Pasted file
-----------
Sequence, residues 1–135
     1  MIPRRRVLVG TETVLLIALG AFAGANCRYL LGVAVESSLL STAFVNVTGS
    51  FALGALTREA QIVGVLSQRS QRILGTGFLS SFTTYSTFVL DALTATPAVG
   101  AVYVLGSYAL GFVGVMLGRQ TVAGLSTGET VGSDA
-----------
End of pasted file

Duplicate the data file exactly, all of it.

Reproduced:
Sequence, residues 1–135
     1  MIPRRRVLVG TETVLLIALG AFAGANCRYL LGVAVESSLL STAFVNVTGS
    51  FALGALTREA QIVGVLSQRS QRILGTGFLS SFTTYSTFVL DALTATPAVG
   101  AVYVLGSYAL GFVGVMLGRQ TVAGLSTGET VGSDA